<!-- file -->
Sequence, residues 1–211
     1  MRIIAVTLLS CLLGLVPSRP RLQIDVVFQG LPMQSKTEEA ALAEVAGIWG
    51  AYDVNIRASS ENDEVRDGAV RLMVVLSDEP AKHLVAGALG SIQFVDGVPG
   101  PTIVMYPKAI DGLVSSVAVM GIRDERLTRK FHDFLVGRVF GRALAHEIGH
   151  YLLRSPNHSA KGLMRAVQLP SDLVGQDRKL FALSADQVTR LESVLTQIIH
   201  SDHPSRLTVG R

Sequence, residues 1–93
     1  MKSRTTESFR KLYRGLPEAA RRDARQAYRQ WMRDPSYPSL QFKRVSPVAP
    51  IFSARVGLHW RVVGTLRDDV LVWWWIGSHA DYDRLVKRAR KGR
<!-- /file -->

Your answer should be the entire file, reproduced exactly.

Sequence, residues 1–211
     1  MRIIAVTLLS CLLGLVPSRP RLQIDVVFQG LPMQSKTEEA ALAEVAGIWG
    51  AYDVNIRASS ENDEVRDGAV RLMVVLSDEP AKHLVAGALG SIQFVDGVPG
   101  PTIVMYPKAI DGLVSSVAVM GIRDERLTRK FHDFLVGRVF GRALAHEIGH
   151  YLLRSPNHSA KGLMRAVQLP SDLVGQDRKL FALSADQVTR LESVLTQIIH
   201  SDHPSRLTVG R

Sequence, residues 1–93
     1  MKSRTTESFR KLYRGLPEAA RRDARQAYRQ WMRDPSYPSL QFKRVSPVAP
    51  IFSARVGLHW RVVGTLRDDV LVWWWIGSHA DYDRLVKRAR KGR